I agree with David, walk away. The very thoughts that you are having right now about the risks and insurance difficulties etc. are exactly what a future buyer will have when you come to sell on. There is a saying that goes something like this - the secret to selling anything is buying it right in the first place.
Suggest you walk away and find something that is right.
Good luck.

Claire Smith

17:36 PM, 10th August 2016, About 6 years ago

Thank you for your advice. My friend will be disappointed, but it's better safe than sorry I guess The house itself is 20-30 years old and on a small estate where there don't seem to have been any problems with any of the houses, just a conservatory. Unfortunately that's the one that's for sale!

David Brewster

11:50 AM, 12th August 2016, About 6 years ago

Established practice is that the "holding" insurer will carry on insuring the property with a change of interest form but the insured will have no control over the premium payable.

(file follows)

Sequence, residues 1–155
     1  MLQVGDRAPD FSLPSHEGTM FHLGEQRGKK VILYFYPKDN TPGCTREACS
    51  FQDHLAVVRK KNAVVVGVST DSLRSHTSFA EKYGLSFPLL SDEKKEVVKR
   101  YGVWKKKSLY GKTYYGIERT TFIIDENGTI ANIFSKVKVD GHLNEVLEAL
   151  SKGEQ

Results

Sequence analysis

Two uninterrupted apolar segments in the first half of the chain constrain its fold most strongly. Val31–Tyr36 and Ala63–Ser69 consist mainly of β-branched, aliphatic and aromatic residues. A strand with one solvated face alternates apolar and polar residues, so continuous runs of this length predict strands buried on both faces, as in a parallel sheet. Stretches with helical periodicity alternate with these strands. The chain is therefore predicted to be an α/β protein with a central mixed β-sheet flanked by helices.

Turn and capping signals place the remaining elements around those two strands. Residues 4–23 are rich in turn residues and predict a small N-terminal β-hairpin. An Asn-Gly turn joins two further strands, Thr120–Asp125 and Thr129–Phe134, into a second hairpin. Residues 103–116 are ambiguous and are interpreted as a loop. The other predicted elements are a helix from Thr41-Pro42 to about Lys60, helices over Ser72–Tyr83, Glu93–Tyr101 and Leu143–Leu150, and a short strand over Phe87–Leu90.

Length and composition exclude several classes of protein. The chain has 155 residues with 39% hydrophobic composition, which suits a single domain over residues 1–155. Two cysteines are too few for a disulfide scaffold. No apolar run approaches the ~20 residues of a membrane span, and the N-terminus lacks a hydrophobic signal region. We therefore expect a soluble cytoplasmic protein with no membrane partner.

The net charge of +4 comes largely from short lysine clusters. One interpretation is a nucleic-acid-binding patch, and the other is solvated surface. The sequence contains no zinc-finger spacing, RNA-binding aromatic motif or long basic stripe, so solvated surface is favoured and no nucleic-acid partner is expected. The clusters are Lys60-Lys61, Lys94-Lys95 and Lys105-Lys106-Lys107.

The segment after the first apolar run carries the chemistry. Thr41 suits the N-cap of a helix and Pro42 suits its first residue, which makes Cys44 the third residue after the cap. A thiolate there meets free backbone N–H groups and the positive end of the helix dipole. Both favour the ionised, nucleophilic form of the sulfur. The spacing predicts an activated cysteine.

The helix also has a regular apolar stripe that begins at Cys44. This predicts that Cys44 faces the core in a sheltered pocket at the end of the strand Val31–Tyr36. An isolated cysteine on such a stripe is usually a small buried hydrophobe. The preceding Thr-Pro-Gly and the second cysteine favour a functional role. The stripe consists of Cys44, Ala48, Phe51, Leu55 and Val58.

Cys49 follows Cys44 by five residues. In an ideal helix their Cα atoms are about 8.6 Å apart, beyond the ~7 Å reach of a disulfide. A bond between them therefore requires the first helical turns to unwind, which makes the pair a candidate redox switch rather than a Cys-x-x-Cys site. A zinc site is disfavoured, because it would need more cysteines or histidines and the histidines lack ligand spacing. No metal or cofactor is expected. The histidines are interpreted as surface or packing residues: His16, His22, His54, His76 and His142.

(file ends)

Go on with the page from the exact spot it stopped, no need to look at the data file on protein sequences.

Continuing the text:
Wyn Burgess

9:21 AM, 13th August 2016, About 6 years ago

I would not give up, more research needed, houses should have foundations recognising the poor ground at time of construction, for example they may be on piles. Subsequent poor construction of the conservatory would not have been subject to LA Building Control requiring subsequent remedial work. See if you can obtain competitive quotes to insure the property with this information and adjust your offer accordingly.

Claire Smith

12:04 PM, 13th August 2016, About 6 years ago

Reply to the comment left by "David Brewster" at "12/08/2016 - 11:50":

Thank you.

Nick Pope

14:24 PM, 13th August 2016, About 6 years ago